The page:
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"U.S. airports say they have only half of the $100 billion they needfor major fixes"


 
Wednesday, March 8, 2017

U.S. airports say they have only half of the $100 billion they need for major 
fixes 
By Mark Niquette and Alan Levin
Bloomberg News


U.S. airports estimate they need almost $100 billion for capital projects 
during the next five years and can only fund about half of that on their own, 
according to a study by a group representing commercial airport owners.

Airports are coping with a number of changes that have stretched existing 
facilities, including higher passenger and cargo activity, aging 
infrastructure, and consolidation in the airline industry that has increased 
the demand for hubs, the Airports Council International-North America said in a 
bi-annual study released Tuesday. The cost projections for 2017 through 2021 
are 32 percent higher than the group's five-year estimate in 2015.

The group's report comes as President Donald Trump seeks to invest $1 trillion 
in U.S. infrastructure. Trump has called for a "national rebuilding'' of roads, 
bridges, tunnels and airports, and has said he'll be asking Congress to approve 
legislation that leverages both public and private capital. The president met 
with airline executives and airport managers at the White House on Feb. 9 and 
said U.S. airports are part of an "obsolete'' transportation system.

Kevin Burke, president and chief executive of the Airports Council, said 
airports want to be part of Trump's infrastructure plan and urged Congress to 
increase the amount that airports can collect through fees. "We have to work 
both ends of Pennsylvania Avenue," he said at a press conference at the U.S. 
Capitol on Tuesday.

Available Funding

U.S. airports have an average of $10 billion available annually for capital 
work from existing funding sources, the council said. They currently receive 
about $3.5 billion a year in Airport Improvement Program grants from the 
Federal Aviation Administration for work including new runways and other 
construction. That money comes from taxes and fees levied on fuel and 
passengers. Airports also generate revenue by charging airlines and other 
businesses rent, and can raise funds by issuing bonds.

Commercial airports operated by a public agency can also opt to charge a 
separate fee of as much as $4.50 per passenger to fund FAA-approved projects, 
according to the agency's website. Airports are asking Trump to raise this fee,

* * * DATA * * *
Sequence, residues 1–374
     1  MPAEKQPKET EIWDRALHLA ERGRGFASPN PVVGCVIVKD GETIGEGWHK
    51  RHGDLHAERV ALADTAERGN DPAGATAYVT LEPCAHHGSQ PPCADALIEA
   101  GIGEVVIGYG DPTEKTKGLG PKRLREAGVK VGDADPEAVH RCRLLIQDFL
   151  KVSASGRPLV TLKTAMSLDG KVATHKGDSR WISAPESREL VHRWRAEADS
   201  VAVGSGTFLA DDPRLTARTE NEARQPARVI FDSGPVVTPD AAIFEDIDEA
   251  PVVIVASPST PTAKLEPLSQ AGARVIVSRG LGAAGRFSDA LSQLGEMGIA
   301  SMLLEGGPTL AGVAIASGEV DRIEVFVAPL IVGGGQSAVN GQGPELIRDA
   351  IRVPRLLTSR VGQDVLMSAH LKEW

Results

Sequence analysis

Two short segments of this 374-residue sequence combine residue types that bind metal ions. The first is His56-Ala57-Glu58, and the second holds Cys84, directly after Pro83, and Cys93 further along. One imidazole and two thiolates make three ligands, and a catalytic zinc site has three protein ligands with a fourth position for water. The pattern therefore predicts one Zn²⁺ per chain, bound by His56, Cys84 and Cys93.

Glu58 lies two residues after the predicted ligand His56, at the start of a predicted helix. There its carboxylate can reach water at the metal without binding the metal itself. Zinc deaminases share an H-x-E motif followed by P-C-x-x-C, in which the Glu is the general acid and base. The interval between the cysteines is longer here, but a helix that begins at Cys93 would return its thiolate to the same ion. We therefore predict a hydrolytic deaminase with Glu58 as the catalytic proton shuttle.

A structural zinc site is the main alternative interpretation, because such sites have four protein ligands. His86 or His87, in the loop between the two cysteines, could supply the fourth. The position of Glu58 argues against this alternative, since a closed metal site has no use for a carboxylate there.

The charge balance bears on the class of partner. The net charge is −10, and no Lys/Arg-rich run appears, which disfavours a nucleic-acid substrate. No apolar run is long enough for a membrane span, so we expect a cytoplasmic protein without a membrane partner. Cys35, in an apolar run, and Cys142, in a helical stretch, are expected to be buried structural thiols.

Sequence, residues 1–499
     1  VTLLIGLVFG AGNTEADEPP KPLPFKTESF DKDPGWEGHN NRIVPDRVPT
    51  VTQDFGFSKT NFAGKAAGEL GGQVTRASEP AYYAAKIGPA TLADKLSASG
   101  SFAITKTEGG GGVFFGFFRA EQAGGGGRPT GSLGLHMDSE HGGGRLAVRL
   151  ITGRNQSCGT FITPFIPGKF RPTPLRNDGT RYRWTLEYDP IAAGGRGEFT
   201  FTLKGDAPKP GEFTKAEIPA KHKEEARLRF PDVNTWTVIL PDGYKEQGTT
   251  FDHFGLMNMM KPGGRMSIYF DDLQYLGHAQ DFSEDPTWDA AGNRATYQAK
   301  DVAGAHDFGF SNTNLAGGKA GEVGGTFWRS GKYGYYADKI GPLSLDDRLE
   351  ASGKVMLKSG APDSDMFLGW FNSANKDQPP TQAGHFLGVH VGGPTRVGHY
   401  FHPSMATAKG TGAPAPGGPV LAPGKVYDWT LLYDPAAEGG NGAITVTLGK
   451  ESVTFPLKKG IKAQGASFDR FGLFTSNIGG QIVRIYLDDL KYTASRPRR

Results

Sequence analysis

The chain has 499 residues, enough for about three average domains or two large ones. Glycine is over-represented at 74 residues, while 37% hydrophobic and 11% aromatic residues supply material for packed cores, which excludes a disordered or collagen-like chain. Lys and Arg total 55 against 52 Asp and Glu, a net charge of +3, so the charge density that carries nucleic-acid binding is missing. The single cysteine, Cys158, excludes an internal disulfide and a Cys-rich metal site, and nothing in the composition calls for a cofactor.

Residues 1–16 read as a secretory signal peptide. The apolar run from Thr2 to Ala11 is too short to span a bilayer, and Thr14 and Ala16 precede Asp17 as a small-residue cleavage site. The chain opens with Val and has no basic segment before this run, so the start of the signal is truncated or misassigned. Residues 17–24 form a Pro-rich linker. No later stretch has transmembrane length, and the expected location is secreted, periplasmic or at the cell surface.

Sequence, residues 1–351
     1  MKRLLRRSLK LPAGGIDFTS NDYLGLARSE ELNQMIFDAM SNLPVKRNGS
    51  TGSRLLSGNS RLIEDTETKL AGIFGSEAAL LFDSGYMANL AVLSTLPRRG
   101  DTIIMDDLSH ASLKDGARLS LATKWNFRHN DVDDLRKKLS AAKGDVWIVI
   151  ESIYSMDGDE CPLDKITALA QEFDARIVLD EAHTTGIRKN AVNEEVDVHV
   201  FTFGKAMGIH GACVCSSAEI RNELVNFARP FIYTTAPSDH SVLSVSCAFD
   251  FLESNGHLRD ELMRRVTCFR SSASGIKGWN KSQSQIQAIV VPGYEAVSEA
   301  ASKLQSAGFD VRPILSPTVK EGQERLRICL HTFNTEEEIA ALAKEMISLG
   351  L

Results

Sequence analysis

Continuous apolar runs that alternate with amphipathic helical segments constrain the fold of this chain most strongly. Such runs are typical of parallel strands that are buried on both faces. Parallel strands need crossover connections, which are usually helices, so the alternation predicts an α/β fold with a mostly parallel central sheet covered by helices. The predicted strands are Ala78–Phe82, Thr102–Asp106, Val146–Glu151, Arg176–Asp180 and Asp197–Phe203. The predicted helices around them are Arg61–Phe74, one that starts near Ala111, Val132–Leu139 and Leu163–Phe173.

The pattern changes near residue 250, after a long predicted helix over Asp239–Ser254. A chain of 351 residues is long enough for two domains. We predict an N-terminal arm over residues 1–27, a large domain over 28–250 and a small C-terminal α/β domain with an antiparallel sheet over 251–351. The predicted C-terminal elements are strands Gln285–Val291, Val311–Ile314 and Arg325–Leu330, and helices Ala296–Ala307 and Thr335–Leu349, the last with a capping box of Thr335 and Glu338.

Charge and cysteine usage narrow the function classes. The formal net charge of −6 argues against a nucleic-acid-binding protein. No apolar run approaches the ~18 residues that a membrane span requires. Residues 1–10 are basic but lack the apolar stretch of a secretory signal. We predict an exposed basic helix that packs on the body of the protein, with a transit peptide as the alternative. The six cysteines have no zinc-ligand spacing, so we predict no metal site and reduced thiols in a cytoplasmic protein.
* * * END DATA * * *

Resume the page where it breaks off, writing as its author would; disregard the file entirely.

known as the Passenger Facility Charge.

DFW International Airport CEO Sean Donohue told a Congressional subcommittee 
last week that it was "critical" airports be able to raise the passenger 
facility charge to fund improvements. He cautioned that an increase wouldn't 
solve all the infrastructure needs and said any changes would need airline 
input.

"It's important that we continue to work with the airlines to find the right 
solution, a balanced solution, so we make the proper investments," Donohue 
said. 

Airlines for America, the trade group representing most large carriers, has 
objected to any airport-charge increases, arguing that it will tamp down sales 
and that the need for new construction at airports isn't as dire as the 
airports claim. The group, in a statement Tuesday, said that airports have 
access to funds that they aren't using, and that airports haven't identified 
any projects that were unable to move forward as a result of the airport fee 
remaining unchanged.

"Saddling passengers with more taxes is not the solution, particularly given 
the abundance of funding resources already available to airports for capital 
improvement projects," the group said.

Burke, however, said that increasing the charge would generate money for 
infrastructure without having to tap any money from the government. He added 
that it's consistent with Trump's proposal during the campaign to help fund 
infrastructure with private capital backed by tolls or user fees.

"The longer we delay, America's airports will fall behind, and our 
infrastructure needs become more expensive to fix,'' Burke said in the report.
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